I'd like to start by asking all three of you if you could talk a little bit about stigma. What exactly is it? Why does it often disproportionately affect communities of color? How does it impact mental health equity?

Devika: There's so much to say about this topic. I'm really, really privileged and thankful to be joining in this conversation with my esteemed colleagues. I'll start us off by just saying I think stigma comes about because of something that we don't understand and therefore fear.

If we take the example of epilepsy or seizures, back in the day where we didn't understand what caused seizures, they were hugely stigmatized and attributed to causes like, for instance, spirits.

Now, when we actually can pinpoint specifically where in the brain specific seizures arise from, they are no longer stigmatized or feared because we have language and an actual, pinpoint‑able reason for what they are all about and, corollary, well‑honed treatments to be able to treat them.

Interestingly, as seizures went from the domain of psychiatry to the domain of neurology, where things are much more precise and knowable...

As that as an example, communities of color are in a position where, often, the way in which we experience mental illnesses can look quite different. It becomes another reason for us to be discriminated against.

That has led to the closeting of mental illness as well in communities of color. I'll pause there and see what my colleagues have to add.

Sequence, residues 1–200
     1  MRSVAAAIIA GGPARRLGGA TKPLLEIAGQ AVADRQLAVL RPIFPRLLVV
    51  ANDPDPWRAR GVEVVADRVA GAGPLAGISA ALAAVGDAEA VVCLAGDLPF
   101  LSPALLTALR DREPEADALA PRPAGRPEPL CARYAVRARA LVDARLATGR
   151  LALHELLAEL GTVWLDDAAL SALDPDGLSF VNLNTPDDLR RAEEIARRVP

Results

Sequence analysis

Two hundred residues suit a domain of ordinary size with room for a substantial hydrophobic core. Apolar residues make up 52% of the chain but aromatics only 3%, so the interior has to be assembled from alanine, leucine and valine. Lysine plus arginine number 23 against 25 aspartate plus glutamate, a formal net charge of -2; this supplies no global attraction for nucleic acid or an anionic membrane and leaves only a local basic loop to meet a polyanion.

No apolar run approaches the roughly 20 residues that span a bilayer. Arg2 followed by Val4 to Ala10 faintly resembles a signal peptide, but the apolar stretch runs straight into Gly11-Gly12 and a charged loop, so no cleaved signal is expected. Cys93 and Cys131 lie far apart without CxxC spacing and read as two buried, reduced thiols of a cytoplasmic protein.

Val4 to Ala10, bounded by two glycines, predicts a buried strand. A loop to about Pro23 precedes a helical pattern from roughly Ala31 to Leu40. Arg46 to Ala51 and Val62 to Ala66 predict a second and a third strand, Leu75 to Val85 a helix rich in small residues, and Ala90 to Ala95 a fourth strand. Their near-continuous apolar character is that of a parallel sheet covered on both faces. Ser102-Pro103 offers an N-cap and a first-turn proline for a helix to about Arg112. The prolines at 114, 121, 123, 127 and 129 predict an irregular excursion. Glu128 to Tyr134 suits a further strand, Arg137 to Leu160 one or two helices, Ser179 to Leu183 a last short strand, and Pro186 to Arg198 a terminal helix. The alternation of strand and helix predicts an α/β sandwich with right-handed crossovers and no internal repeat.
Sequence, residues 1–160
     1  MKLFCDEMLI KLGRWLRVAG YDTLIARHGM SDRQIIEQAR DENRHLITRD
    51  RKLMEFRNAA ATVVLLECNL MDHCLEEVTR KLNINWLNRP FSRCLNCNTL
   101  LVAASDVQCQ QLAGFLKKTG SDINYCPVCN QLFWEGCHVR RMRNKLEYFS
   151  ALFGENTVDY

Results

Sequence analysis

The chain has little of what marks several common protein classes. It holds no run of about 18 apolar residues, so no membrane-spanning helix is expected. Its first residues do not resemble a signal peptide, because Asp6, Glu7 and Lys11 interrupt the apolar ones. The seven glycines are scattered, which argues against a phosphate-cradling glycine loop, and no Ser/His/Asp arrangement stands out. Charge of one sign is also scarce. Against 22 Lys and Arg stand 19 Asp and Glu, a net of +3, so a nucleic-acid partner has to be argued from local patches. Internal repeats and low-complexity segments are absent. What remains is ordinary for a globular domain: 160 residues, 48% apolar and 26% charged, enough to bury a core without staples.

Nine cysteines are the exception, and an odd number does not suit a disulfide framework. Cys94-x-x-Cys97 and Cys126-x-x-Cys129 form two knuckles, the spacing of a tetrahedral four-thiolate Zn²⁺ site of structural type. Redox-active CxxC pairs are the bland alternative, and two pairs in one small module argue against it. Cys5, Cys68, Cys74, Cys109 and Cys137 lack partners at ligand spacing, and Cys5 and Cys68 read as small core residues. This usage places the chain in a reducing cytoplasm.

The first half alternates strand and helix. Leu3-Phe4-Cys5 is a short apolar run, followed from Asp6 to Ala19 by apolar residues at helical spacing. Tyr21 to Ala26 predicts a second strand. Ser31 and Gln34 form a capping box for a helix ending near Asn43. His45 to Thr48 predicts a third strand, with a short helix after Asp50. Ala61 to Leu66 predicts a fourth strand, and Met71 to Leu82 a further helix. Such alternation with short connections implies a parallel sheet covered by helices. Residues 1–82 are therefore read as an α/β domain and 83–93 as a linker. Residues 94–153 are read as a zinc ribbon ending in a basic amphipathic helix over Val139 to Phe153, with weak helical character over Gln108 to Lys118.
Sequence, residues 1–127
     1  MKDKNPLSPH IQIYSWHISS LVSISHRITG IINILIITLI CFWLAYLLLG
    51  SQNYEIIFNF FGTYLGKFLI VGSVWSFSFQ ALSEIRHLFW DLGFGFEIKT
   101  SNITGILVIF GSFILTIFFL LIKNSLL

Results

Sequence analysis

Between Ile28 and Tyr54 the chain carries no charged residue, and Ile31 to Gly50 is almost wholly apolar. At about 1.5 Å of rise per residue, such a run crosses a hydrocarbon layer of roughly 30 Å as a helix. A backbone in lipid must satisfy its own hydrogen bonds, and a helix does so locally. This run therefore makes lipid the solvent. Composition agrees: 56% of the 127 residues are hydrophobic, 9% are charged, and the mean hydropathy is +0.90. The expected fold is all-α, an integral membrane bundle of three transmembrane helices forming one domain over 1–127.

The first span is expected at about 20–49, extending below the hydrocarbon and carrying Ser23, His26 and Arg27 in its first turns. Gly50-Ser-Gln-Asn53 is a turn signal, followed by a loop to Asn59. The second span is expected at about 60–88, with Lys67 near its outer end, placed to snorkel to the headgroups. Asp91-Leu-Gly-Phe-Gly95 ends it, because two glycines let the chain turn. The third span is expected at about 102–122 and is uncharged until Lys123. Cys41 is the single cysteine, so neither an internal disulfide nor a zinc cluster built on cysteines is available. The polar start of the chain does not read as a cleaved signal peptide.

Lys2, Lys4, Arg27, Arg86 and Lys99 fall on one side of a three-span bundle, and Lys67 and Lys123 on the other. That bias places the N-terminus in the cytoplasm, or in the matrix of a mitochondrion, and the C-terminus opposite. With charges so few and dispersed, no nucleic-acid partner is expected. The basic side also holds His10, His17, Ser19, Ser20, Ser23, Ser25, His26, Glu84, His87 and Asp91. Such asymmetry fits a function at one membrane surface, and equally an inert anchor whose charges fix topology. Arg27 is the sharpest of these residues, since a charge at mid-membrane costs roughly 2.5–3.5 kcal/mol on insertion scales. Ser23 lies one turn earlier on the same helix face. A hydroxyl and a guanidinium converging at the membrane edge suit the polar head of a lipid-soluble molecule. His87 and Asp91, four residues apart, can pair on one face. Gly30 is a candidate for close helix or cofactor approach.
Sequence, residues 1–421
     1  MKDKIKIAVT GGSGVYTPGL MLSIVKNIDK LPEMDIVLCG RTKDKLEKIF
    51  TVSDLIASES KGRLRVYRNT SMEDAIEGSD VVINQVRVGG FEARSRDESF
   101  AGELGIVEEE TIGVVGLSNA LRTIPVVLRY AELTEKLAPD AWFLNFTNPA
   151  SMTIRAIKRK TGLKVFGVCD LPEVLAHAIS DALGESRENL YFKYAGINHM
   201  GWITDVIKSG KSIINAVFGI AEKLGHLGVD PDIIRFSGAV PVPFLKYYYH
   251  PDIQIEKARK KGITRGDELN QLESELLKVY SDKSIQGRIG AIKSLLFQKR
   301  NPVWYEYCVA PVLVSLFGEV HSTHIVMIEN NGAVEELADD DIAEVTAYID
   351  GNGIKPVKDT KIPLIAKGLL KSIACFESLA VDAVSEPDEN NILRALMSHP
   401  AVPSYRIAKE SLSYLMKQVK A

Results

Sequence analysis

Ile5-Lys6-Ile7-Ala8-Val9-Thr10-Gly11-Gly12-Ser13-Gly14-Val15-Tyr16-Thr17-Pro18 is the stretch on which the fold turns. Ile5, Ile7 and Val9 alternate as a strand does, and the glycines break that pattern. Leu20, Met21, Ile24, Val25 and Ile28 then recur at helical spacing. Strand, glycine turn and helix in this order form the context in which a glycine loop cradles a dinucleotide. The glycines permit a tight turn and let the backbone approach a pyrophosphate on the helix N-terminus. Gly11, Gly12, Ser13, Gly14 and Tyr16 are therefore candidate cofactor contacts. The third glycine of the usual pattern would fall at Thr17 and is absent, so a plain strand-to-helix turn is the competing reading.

Angelina: I only have one thing to add to that. I often refer to stigma as the blame, shame, and guilt. It's the feeling that we have that deters us for reaching out for help for anything. Most of all, mental health conditions because we taboo them. We make them something that is either spiritual or demonic.

Because what Dr. Bashan mentioned, we don't understand them. Then we try to either pray it away, wish it away. We look the other way and don't reach out for help. My message when I go out into the community is that education uncovers all of the fear.

It dispels the fear and anxiety that we have when we learn better. It's hard for many of our communities to believe that talking to someone for two and a half hours, once a week for eight weeks, it's going to make a difference.

It makes the difference between life and death. It makes the difference between a quality life and one that is shrouded in fear and disbelief, and sometimes leads to what I call dual diagnosis. Where there's not only the mental health condition, but also the self‑medicating that goes with it.

I use myself and my story as a poster child for what it means to have the right type of information, the right support from the clinical community, and then the support along the journey through NAMI, to make life a greater success or at least the best life we can have.

Dan: Then thank you very much both of you. We'll go to Dr. Higgins next, but I want to make sure I come back to you, Angelina, for you to share a little bit more about your story because I think it's very profound. In each one of us telling our story, we help so many others from the standpoint of what your experience has been.

You mentioned the speaking to someone every two hours for eight weeks. I want to come back to that. then Dr. Bhushan, you talked about the neurology. We'll examine that a little bit in this conversation. We'll go to Dr. Higgins now.

Napoleon: Exactly what Angelina and Dr. Bhushan has spoken to the issue of fear the issue of a lack of understanding. Then also the issue of just a lack of education. I know I was out at a community event this past week and at a black community event.

I was explaining an issue about depression and children. I had a book on that. The person that walked by said, "I don't want my kids to know about depression." In the frustration, when I try to contain myself as a child psychiatrist, I'm like kids face depression as well. They face anxiety as well.